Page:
Non-conference play is wrapping up for the Mid-Eastern Athletic Conference’s women’s basketball teams, so now attention turns to the games that count.
All eight schools are facing off against each other on Saturday. While the non-conference slate is more about how a team stacks up against unfamiliar competition, you never know what to expect until league play begins.
With that said, let’s look at how each MEAC women’s team measures up heading into the start of the conference play.
Coppin’s women pushed through a gauntlet of a non-conference schedule which featured the homecoming of Baltimore’s own Angel Reese and defending national champion LSU. The Eagles finished that slate 3-11 but did defeat Atlantic Coast Conference member Pittsburgh and played well in spurts against the Tigers, so Jermaine Woods’ team could be a team to watch.
Juniors Laila Lawrence and Faith Blackstone are the Eagles’ leading scorers, while senior guard Mossi Staples has started every game this year and leads the team in assists.
If Coppin can make teams chase them up and down the floor, as Woods hinted at Media Day he’d like his team to do, they’ll win their fair share of MEAC games.
The Hornet women were 7-19 last year in the middle of a tumultuous coaching situation that seems to have settled down considerably with interim coach Jazmone Turner and are looking to move in the MEAC standings.
The Hornets are led by senior forward Tyshonne Tollie and sophomore guard Savannah Brooks and also get substantial contributions from guards Denijsha Wilson, Ja-Naiah Perkins-Jackson and Kiarra McElrath.
Delaware State’s MEAC hopes rest solely on an improved defensive effort, as they’ve given up 100 points three times, in the interest of fairness, to Power 5 competition.
The Hornets can hang their hat on a 69-66 win over in-state rival Delaware, just the second instance in school history. That could give them confidence heading into MEAC play.
The Bison were dealt a significant blow when preseasonson player of the year Destiny Howell suffered an ACL injury that ended her season before it even started.
Howard has soldiered on through their non-conference schedule, and with recent wins at Florida Atlantic at home over D.C. rival American, they enter MEAC play on a high note.
Fifth-year guard Iyanna Warren is the team’s leading scorer while younger players, such as Tyana Walker and Nile Miller, are gaining valuable experience that should help head coach Ty Grace later on in the season.
Maryland-Eastern Shore surprisingly has one non-conference game left – they host Division III Lancaster Bible on Wednesday – but the Hawks have had a very impressive showing in the state of Maryland, defeating UMBC and Mount St. Mary’s, and George Washington.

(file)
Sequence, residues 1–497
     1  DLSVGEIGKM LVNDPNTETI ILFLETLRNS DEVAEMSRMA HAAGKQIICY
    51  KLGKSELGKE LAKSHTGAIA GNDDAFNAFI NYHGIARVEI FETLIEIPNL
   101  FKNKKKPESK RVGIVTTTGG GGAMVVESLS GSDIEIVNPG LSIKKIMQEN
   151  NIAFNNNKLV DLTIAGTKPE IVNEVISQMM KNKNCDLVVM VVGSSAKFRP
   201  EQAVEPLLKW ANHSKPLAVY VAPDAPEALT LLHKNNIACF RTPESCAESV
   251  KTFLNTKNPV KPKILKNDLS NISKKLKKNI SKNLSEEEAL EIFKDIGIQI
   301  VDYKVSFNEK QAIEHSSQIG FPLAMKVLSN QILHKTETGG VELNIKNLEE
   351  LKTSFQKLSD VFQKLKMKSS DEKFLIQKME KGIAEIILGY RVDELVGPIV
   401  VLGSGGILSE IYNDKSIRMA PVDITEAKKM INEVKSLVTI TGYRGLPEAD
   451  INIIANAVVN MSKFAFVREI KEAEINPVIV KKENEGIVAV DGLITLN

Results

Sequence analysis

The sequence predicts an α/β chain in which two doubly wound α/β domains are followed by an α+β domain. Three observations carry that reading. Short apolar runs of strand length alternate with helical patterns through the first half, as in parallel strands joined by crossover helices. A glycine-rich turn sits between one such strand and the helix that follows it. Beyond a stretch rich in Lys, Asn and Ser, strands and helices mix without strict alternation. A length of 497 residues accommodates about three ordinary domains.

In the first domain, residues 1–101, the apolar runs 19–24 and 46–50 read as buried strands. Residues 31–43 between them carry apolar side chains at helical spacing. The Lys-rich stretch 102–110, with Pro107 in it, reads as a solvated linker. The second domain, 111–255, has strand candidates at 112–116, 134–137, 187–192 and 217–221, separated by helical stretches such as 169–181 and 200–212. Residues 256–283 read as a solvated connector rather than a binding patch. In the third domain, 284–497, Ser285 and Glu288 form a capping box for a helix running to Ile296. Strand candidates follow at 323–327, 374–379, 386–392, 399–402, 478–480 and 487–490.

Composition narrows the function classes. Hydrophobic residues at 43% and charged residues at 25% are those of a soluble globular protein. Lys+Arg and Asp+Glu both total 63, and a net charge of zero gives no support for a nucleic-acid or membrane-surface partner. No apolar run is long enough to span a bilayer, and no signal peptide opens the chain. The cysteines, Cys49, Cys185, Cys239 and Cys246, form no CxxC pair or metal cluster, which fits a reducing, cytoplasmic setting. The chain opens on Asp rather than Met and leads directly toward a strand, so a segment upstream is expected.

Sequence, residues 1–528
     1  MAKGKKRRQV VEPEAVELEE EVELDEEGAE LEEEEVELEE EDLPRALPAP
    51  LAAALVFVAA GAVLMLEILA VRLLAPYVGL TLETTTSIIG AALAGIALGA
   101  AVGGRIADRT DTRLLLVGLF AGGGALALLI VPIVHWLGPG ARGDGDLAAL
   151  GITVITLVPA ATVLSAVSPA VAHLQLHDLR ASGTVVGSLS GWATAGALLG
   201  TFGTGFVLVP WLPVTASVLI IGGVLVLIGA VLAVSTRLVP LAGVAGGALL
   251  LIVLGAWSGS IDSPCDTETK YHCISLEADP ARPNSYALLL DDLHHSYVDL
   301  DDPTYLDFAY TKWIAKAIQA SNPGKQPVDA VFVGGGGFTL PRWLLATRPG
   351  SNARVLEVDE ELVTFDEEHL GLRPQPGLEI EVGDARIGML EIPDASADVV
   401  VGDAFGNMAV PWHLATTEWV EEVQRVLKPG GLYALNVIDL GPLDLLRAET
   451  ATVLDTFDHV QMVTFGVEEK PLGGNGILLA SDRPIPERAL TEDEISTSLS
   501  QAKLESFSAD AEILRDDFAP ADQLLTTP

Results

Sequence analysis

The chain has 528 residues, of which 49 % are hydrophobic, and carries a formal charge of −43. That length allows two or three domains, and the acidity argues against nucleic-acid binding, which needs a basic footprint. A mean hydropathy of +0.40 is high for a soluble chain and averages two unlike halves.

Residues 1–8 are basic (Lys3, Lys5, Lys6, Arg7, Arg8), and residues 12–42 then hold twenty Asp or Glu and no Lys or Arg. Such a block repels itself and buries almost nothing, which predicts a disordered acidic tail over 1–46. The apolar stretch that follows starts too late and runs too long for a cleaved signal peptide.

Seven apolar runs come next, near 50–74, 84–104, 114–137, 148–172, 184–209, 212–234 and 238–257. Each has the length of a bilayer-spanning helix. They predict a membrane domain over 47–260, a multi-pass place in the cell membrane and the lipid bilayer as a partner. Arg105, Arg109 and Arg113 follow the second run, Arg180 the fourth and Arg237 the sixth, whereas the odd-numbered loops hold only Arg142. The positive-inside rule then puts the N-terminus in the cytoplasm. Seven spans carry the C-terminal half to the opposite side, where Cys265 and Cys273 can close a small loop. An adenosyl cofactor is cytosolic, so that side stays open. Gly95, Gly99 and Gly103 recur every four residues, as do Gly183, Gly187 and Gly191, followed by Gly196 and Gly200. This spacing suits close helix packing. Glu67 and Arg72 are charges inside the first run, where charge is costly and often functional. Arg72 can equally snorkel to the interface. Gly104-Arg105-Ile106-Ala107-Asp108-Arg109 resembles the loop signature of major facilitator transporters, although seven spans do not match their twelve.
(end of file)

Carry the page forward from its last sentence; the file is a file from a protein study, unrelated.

Veteran head coach Fred Batchelor’s unconventional lineups have proven successful, with two of the team’s leading scorers – junior forward Ariana Seawell and senior guard Zamara Haynes – exclusively coming off the bench.
The Hawks allow just 63.5 points per game, an essential statistic in a league that has preached defense for a long time. If they can put pressure on MEAC opponents’ best offensive threats, they could be a sleeper.
The Bears, picked third in the pre-season polls, have had the same non-conference luck as most MEAC schools, but wins over UNC-Asheville and UMBC should help with their confidence heading into conference play.
Morgan State’s offense could be an issue, as no one is averaging double figures this season – Gabrielle Johnson and Joelle Johnson (no relation) are averaging 8.8 and 8.7 points per game, respectively, to lead the Bears.
Morgan State will need to find an extra scorer or two if they are to be a player in the MEAC race this season.
If there was ever a team to root for to become a mid-major surprise in the NCAA tournament, Larry Vickers’ Norfolk State squad is the sure-fire choice.
The Spartans are 10-4 going into MEAC play with wins over William & Mary, Drexel, and rival Hampton. Those came before N.C. State transfer Diamond Johnson was cleared to play, which is a scary thought.
Junior forward Kierra Wheeler is putting together a Player of the Year season, averaging 19 points and 10 rebounds per game while shooting 53% from the field and 75% from the free throw line. Johnson in her first four games with the Green and Gold is averaging 20.5 points, eight rebounds, three assists, and four steals per contest.
Norfolk State is not just a two-player team; Da’naijah Williams, Makoye Diawara, and Niya Fields all contribute offensively and defensively to the team’s success. If the Spartans stay the course, they’re the MEAC favorite without question and would be a terrifying 13-seed in the first round of the NCAA tournament.
North Carolina Central
The Eagles went through a coaching change just before the season began. Still, Terrance Baxter’s familiarity with the program has Central in a good spot, with non-conference wins over Western Carolina, UNC-Asheville, and UNC-Wilmington highlighting their season so far.
Central has a balanced offensive approach, with senior guard Kimiera Burks (14.2), first-year guard Kyla Bryant (13.8), and junior forward Morgan Callahan (10.9) all averaging double figures in points.
With that scoring punch, Central can hang around long enough to make an exciting battle for the second seed in the MEAC tournament.
South Carolina State
The Bulldogs are in the middle of a rebuild under head coach Tim Eatman and have had a rough go of it in non-conference play. They open up their MEAC schedule against Norfolk State at home on Saturday. When it rains, it pours.
The Bulldogs are averaging just 50 points per game as a team, with grad student Morgan Beachem leading with 8.3 points per game. South Carolina State has to find a way to put the ball in the basket, or it will be a long season in Orangeburg.